This was the first year of having Christmas at my new house, last year being out of the question because I had just moved in and the place was a disaster area (not that I am completely unpacked now, more than a year later, but that's another post). As I was hosting, I decided that gave me complete control over the menu, which meant roasting a turkey. To know why that's a big deal, you have to know that my father can't stand turkey and my mother claims to be allergic to the smell of it cooking, but this is my house, my rules. In retrospect, as my house still smells like Christmas dinner, my mother may be right, and as I overcooked the turkey grossly, my father maybe right, but that doesn't change the fact that I love turkey and finally got the opportunity to roast one.
My dad still doesn't quite understand my need to photograph everything I cook or eat for potential blog posts, so this picture was taken after he had carved the wing off, and no he wouldn't let me try to reattach it with toothpicks. It was 9:00PM, so maybe he had a point. I will be the first to admit that it was dry, like the Sahara, despite the stick of butter I stuffed under the skin, with my own sage that I picked from beneath the snow. However, with enough gravy and cranberry sauce you can choke most anything down.
Then comes the next ordeal, what do you do with the leftovers from a 14 pound turkey, when there are only 4 people at dinner and it is drier than dust? The good news is I was able to stash it outside for a day or two to deliberate due to the subarctic temperatures. I came up with turkey pot pie two ways and turkey soup. One pot pie was topped with leftover stuffing, made with fennel, roasted lemons, and pine nuts - one of the best stuffings I have ever eaten (recipe courtesy of Epicurious).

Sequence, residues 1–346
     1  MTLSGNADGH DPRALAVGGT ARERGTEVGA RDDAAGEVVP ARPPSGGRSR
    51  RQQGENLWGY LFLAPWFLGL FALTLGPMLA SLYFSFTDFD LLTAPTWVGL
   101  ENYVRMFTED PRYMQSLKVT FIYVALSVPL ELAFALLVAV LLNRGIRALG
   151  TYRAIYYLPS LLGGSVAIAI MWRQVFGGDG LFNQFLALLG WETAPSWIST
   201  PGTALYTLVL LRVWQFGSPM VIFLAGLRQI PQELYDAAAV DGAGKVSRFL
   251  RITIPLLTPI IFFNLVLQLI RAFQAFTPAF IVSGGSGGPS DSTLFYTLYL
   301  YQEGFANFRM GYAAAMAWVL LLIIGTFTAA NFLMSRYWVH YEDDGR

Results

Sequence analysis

The other was topped by DuFour puff pastry from Whole Foods, which at $11.99 better be amazing, but it does not disappoint. As I had some leftover, I made some Old Bay flavored cheese straws, so tasty to snack on while you wait for your pot pie to cool enough to eat. I made the mistake of cutting vent holes into the top of the pastry, allowing the sauce to come through and weigh down the top, inhibiting puffing, but that didn't keep it from tasting delicious. The sauce was inspired by one in the DK Chicken cookbook written by Anne Willan, so you can imagine how good it was, and it successfully transformed the turkey into something palatable, so double win!
Even after I had stuffed as much meat as possible into the two pot pies, I still had tons leftover, so I decided to stuff the carcass into the crockpot and start a soup. This turned out to be another good way to use up meat, with orzo and carrots and more fennel, although the texture of the dry meat wasn't concealed nearly as well as when it was covered with a sauce full of butter and heavy cream.
Now dear reader, what holiday mishaps did you have in your kitchen and how did you save them from being a complete disaster?